• [Because it’s fun to help others have fun: The attentive sociability of a super-positive Kamigata rakugo artist]
    In this fourth edition we feature Osaka rakugo artist and entertainer Hachimitsu Tsukitei. In the world of light entertainment, hardly short on sociable sorts, Hachimitsu has been singled out as western Japan’s “king of hospitality”. Though still in his thirties, he is adored by fellow entertainers of all ages, as well as the general public. He’s the man everyone wants to have a beer with. We asked this Kamigata star his secret.

  • [An elegant cuisine ryokan offering natural hospitality in a natural way]
    The third part of this series features a cuisine ryokan in Hanase, Kyoto, called Miyamasou. Each of the four rooms of this elegant ryokan is designed in a style based on tea-house aesthetics. Miyamasou has been a favorite of famous cultural figures including the late writers Masako Shirasu, Masaaki Tachihara, and Ryotaro Shiba and nowadays the artist/politician Morihiro Hosokawa. Set in the middle of nowhere, what is the attraction of this ryokan for so many people? We talked with the proprietress-to-be Sachiko Nakahigashi.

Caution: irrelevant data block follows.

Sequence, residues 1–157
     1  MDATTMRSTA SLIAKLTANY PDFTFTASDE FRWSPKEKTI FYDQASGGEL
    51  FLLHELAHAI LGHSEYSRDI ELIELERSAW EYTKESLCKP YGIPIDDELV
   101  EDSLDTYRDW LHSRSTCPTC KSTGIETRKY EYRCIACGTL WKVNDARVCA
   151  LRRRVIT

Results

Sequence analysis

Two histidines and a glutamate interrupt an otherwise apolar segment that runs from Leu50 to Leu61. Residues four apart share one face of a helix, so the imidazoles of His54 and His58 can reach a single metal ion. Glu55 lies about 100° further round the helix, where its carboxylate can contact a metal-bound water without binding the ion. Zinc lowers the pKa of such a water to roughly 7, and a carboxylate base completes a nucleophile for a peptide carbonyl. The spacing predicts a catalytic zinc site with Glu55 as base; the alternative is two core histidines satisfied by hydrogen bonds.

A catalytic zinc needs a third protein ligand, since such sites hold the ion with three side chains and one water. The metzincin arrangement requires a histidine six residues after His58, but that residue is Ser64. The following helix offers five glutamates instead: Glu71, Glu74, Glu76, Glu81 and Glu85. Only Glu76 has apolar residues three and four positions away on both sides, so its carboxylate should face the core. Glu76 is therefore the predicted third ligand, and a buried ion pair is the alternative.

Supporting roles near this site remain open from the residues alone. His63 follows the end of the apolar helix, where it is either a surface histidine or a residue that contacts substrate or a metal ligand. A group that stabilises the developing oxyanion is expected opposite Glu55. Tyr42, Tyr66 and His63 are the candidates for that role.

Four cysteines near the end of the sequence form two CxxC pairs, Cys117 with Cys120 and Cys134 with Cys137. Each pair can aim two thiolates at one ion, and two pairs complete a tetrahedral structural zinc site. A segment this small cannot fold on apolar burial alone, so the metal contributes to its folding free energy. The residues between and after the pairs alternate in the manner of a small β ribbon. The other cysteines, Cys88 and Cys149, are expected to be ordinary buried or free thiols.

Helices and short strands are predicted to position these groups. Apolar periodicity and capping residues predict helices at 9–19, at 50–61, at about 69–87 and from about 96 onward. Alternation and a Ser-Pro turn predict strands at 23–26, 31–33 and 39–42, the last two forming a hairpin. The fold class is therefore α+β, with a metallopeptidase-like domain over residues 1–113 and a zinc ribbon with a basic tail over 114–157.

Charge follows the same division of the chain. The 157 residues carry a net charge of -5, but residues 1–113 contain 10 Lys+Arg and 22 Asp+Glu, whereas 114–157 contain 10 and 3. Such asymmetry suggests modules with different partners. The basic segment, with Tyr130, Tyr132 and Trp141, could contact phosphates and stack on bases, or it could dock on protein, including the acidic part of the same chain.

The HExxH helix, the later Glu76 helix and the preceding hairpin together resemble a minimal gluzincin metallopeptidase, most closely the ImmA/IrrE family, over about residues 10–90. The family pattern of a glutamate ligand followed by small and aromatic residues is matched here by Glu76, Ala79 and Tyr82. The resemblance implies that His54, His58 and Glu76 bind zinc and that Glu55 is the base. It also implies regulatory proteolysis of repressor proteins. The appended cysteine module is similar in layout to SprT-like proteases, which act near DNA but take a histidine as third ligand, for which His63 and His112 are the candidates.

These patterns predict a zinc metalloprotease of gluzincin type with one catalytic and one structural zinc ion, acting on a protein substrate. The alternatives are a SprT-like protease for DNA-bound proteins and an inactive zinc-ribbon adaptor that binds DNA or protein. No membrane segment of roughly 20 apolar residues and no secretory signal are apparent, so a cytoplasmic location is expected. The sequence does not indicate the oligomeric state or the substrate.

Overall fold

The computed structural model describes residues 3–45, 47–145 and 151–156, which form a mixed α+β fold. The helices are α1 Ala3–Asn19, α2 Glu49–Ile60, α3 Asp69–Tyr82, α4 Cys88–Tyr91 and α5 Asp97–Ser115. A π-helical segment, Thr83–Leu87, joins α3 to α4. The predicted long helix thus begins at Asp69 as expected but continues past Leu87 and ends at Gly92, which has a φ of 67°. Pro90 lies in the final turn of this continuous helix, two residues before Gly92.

• [The beliefs and practices of a long-established coffee shop adored by regulars and tourists]
    In part two we feature Inoda Coffee, a long-established coffee shop in Kyoto. Even in Kyoto, where traditional coffee shops still thrive, Inoda Coffee stands out with its distinctive interior and omotenashi. Many of the customers are regulars, but it is also a firm favorite among tourists. In this shop, adored by all kinds of people both young and old, there is an abiding philosophy and aesthetic of omotenashi.

  • [The wisdom and ingenuity of Kyoto’s kagai as revealed by the proprietress-to-be of Tomiyo, Naomi Ota]
    In this series we will be talking to some of the masters of omotenashi from various walks of life about the profound and carefully thought-out hospitality of Japan. This first article will feature Kyoto’s kagai (entertainment district). In March 2014, Kyoto’s kagai culture was designated “intangible cultural heritage of Kyoto” by the city, for its concentrated blend of traditional and omotenashi culture, and its splendor and refinement, lauded both in and outside Japan. So what is this exceptional level of hospitality in the kagai all about?